It takes awhile for this movie to get going, but the build-up is essential for the climatic scenes when the group finally comes together, almost all experiencing trauma at the hands of Chris Hemsworth, whose cult-leader villain is terrifying in his ability to simultaneously disarm and perform brutal acts of violence. Dakota Johnson’s Emily is too hardened, and her ability to inflict damage too pronounced, that her apparently well-intentioned reason for being at the El Royale quickly loses its luster. It’s tough to be sympathetic towards her, even if she ostensibly has good intentions. Meanwhile, Jeff Bridges’ aged crook has an unexpected vulnerability that, true to that claim of originality,  is of the type that has never been shown on-screen in this particular context before, as far as I know. His vulnerability is a daring and poignant choice.

And the hotel manager. He’s at once the most, and least, responsible for his moral burdens, which turn out to be perhaps the baddest of the bunch. It’s a challenging human analysis, which doesn’t shy away from complexity.

Someone wrote somewhere, or posed in an interview to Goddard, that the El Royale is a kind of purgatory. Indeed, I expected the place to have supernatural elements, if only to explain the strange coincidence of this combination of characters meeting in this deserted place all at once, and none of them being able to leave (cue my favorite episode of Buffy the Vampire Slayer, actually not written by Drew Goddard). It turns out not to have anything spooky going on (spoiler alert) except what could be pulled out of the depths of the human psyche. But it nonetheless is a kind of metaphoric purgatory, where the characters have to face death and, in so doing, the checks and balances of their own moral codes.

It was in that roulette wheel scene where Bad Times at the El Royale reminded me of something that could be analyzed in a film class. It suddenly pieced together so well, really without warning. It’s a study of filmmaking that actually says something, or forces the audience to question their assumptions about who’s right and wrong in this scenario. Because at the end of the day, even the blameless one decides to partner with a bank robber to get the cash. But then, after what she’s experienced, she sort of deserves it, too.

I plan to see this movie again, because I missed the first few minutes. I had been in the theatre next door, after all, getting upset at the spectacle of Ryan Gosling’s moon-trotting hero going through a family crisis. The rest of that one I think I’ll forego, because unlike El Royale, it’s just a cheap movie trick designed to make us feel without making us think.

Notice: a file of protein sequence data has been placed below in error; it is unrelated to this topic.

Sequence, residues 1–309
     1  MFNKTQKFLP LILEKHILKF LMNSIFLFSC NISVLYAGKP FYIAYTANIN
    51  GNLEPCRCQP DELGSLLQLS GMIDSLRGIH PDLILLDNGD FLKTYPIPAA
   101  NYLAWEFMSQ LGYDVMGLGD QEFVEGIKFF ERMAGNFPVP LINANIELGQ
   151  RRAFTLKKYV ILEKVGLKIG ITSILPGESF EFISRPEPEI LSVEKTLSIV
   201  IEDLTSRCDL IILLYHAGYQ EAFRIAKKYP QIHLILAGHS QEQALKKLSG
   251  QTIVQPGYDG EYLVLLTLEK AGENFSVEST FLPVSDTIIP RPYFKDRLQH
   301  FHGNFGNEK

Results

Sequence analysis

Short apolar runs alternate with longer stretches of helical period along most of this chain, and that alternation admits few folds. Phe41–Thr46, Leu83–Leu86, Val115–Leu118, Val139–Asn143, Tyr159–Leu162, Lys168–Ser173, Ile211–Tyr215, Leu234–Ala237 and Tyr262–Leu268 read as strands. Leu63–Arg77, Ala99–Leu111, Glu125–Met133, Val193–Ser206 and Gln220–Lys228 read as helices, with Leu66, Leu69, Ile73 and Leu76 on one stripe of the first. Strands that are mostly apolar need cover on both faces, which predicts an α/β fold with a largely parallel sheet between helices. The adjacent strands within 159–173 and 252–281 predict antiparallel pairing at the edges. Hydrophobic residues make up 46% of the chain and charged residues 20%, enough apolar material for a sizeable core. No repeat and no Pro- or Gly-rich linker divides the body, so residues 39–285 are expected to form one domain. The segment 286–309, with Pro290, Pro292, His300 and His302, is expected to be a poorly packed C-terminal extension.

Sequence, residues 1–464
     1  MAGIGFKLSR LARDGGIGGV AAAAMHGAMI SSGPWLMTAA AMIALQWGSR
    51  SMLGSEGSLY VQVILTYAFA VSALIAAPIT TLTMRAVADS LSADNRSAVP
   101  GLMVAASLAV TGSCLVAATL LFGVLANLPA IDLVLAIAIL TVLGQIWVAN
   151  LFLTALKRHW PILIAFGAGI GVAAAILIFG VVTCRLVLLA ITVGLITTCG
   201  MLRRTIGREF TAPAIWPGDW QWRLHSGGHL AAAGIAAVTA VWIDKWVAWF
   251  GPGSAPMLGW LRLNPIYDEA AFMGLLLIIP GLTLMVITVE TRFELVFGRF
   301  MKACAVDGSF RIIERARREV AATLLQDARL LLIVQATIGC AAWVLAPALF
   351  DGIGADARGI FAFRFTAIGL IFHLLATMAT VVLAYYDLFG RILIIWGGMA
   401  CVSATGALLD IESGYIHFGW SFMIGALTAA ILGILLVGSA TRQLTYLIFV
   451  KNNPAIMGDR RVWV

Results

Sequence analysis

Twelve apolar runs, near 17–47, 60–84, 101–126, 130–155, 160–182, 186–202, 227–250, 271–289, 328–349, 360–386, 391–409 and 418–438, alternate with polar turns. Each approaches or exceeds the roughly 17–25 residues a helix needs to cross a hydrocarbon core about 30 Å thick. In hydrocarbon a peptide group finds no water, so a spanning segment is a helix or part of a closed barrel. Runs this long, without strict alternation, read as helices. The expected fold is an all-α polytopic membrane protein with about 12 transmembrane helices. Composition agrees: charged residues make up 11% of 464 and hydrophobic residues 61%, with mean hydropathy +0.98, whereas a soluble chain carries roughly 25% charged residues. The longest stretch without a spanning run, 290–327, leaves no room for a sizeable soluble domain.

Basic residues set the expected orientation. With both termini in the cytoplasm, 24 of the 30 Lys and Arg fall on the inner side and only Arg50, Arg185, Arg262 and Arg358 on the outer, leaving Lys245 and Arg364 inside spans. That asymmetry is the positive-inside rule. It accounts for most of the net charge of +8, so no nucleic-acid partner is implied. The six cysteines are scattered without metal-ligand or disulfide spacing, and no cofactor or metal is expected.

I’ll Let You Lead

For a long while now I’ve wanted to write a post about Kate and Allie, the barely-laugh-out-loud comedy that was too quiet to embed itself too deeply into the memories of those of us who grew up in the 1980s. You think of 1980s comedies, you think of the more gregarious fare like Family TiesGrowing PainsNight CourtThe Cosby Show… the NBC lineup that was filmed on large sets and ran on plenty of stunts (of the jumping-the-shark, sitcom kind).

Up until a few weeks ago, when I stumbled upon Kate and Allie on YouTube, I wouldn’t have recalled the show as part of my childhood. Except, as it turns out, it was, and significantly so. Everything about this show had stirred in me a kind of envy and, even years later, a perhaps unrealistic ideal of what life as an adult woman could be. I, too, wanted to be an ultra-urban kid who lived in New York (having a rich dad in Connecticut, to boot, was not a bad bonus). My favorite book at that time was Remember Me to Harold Square, a New York-set young adult paperback that was really my first introduction to travel guides (in this case disguised as a light novel).

In retrospect, those who remember Kate and Allie see it as a feminist statement, one of the few shows then or since to focus exclusively on the lives of women, both at work and at home (although in this case, home was the primary setting). And it was, of course, although some bits and pieces still make me cringe — specifically that one episode, which I remember so clearly from my youth, when Emma is bothered relentlessly by a boy at school, even after she tells him repeatedly she doesn’t want to date him. Her family is won over by his advances, and as a viewer, now (and maybe then), all I want them to do is say to him, “Dude, back off. She said no.”

What’s remarkable about Kate and Allie is not just the absence of men — it’s the fact that the women’s dating lives were not a priority for the show. Sure, the women had social lives, but their main focus was on the children, their home, their jobs, paying the rent, and looking after one another. They seemed to have more important things to do rather than date, and there was also a subtle “been there, done that” feeling to their romantic encounters, as if — as two divorced women — they looked at the possibility through the lens of experience than giddy, youthful idealism.

It’s why, “Landlady,” Season 2, Episode 2, is so effective. In the episode, Kate’s landlord insists she pay higher rent because, with Allie and her children living there, it’s no longer a single-family dwelling. The women eventually pretend to be a lesbian couple to avoid the rent increase. To their surprise, it turns out the landlord/lady is herself in a relationship with a woman. Quickly, the landlady and her partner want to become friends with Kate and Allie and to introduce them to the local queer community. The rent increase, of course, won’t apply since they are one family (as long as they can keep up the lie). The lie is a point of contention between Kate and Allie, the latter of whom says she “doesn’t want to play ‘Three’s Company.'”